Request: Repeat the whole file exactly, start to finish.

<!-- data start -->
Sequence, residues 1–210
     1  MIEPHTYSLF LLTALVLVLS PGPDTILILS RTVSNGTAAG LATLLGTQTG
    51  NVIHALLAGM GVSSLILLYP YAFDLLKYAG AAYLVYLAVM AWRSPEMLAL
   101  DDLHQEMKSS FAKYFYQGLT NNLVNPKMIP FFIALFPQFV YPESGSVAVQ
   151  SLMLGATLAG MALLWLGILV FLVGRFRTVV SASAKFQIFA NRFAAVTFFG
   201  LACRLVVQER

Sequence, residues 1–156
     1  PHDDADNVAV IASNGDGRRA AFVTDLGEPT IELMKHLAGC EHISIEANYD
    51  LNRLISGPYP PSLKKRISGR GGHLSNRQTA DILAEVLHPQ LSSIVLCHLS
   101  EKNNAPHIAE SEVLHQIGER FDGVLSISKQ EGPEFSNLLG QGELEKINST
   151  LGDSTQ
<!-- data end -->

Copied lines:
Sequence, residues 1–210
     1  MIEPHTYSLF LLTALVLVLS PGPDTILILS RTVSNGTAAG LATLLGTQTG
    51  NVIHALLAGM GVSSLILLYP YAFDLLKYAG AAYLVYLAVM AWRSPEMLAL
   101  DDLHQEMKSS FAKYFYQGLT NNLVNPKMIP FFIALFPQFV YPESGSVAVQ
   151  SLMLGATLAG MALLWLGILV FLVGRFRTVV SASAKFQIFA NRFAAVTFFG
   201  LACRLVVQER

Sequence, residues 1–156
     1  PHDDADNVAV IASNGDGRRA AFVTDLGEPT IELMKHLAGC EHISIEANYD
    51  LNRLISGPYP PSLKKRISGR GGHLSNRQTA DILAEVLHPQ LSSIVLCHLS
   101  EKNNAPHIAE SEVLHQIGER FDGVLSISKQ EGPEFSNLLG QGELEKINST
   151  LGDSTQ